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El Salvador May Extend Tax Breaks For Renewable Energy Projects

El Salvador may extend tax breaks available to renewable energy project developers, as the government prepares for a project auction.

Tharsis Solomon Lopez, El Salvador’s Economy Minister and Chairman of the National Energy Council, recently presented a proposal in the country’s legislative assembly for the extension of tax breaks for renewable energy project developers.

At present, new renewable energy projects with over 10 MW capacity enjoy a 10-year exemption from import duties on equipment and raw material. The government has proposed to drop the 10 MW capacity limit and offer these incentives to small projects, as well as extending the time frame.

The proposal, if implemented, would also see these incentives being extended to existing projects.

In August, El Salvador’s National Energy Council announced plans to auction 150 MW of renewable energy projects, with targets for operation by 2018. The South American country conducted its last renewable energy auction in 2014, when it offered 100 MW capacity, of which 94 MW capacity was allocated to solar power projects. In the 2014 auction, 26 companies placed bids to set up solar power projects, though only three were eventually awarded contracts. The largest project of 60 MW was awarded to a joint venture between French developer Neoen and local conglomerate Almaval, to supply electricity under a 20-year power purchase agreement at a tariff of US$0.10 per kWh.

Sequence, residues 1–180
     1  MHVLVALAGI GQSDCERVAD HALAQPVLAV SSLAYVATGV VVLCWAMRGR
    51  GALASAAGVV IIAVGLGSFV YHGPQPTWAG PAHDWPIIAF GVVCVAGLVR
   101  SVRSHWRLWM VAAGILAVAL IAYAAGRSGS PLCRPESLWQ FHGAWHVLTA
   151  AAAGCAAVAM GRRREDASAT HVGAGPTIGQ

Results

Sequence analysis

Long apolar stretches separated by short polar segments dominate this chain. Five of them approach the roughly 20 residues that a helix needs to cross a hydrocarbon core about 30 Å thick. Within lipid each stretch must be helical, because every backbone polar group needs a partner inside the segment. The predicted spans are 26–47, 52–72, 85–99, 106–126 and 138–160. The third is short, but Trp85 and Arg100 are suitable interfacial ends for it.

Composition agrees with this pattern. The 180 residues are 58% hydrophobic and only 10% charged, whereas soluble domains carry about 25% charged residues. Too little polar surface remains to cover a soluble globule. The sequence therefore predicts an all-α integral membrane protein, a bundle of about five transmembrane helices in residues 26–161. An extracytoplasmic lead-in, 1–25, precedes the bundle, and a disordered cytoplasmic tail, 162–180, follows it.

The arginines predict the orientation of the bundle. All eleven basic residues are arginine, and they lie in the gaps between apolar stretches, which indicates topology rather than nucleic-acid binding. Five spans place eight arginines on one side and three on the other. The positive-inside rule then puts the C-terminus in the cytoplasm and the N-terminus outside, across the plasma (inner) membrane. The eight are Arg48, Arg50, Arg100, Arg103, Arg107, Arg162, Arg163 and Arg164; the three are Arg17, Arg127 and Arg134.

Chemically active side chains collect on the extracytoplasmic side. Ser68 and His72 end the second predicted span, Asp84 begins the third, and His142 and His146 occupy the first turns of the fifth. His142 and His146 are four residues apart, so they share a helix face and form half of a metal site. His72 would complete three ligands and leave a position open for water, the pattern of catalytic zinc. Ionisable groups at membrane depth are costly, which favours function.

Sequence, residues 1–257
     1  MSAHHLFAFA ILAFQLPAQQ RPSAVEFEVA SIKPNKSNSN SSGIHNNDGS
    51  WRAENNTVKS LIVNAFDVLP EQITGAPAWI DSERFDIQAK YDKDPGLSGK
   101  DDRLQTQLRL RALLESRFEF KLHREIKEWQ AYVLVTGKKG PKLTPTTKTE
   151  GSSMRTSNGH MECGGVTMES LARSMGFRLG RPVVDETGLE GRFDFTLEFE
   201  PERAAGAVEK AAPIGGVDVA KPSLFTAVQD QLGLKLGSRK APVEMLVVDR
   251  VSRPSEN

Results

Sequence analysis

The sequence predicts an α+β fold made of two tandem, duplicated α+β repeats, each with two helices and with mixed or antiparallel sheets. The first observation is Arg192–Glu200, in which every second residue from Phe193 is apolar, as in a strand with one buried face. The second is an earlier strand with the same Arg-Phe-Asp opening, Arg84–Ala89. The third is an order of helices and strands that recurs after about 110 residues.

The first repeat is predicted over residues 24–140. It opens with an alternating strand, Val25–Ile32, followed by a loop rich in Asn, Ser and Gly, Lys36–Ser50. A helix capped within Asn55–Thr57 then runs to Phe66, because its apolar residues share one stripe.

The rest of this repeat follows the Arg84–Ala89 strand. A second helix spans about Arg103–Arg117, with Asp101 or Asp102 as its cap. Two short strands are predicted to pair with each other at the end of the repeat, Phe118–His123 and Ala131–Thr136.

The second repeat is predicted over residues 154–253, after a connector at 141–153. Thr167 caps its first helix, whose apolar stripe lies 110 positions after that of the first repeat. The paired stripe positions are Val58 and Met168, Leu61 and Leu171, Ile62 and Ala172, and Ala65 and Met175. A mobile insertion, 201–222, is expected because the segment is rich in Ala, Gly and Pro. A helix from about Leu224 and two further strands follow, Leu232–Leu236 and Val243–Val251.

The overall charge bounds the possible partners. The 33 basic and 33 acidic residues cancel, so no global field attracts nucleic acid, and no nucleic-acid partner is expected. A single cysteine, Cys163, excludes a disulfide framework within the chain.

According to a recent assessment (PDF) by USAID, El Salvador could theoretically add 170 MW of solar power capacity by 2016, 40 MW wind energy capacity by 2017, 81.5 MW biomass-based power capacity by the end of this year, and 146 MW hydro power capacity and 102 MW geothermal capacity by the end of 2021.

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Written By

Smiti works as a senior solar engineer at a reputed engineering and management consultancy. She has conducted due diligence of several solar PV projects in India and Southeast Asia. She has keen interest in renewable energy, green buildings, environmental sustainability, and biofuels. She currently resides in New Delhi, India.


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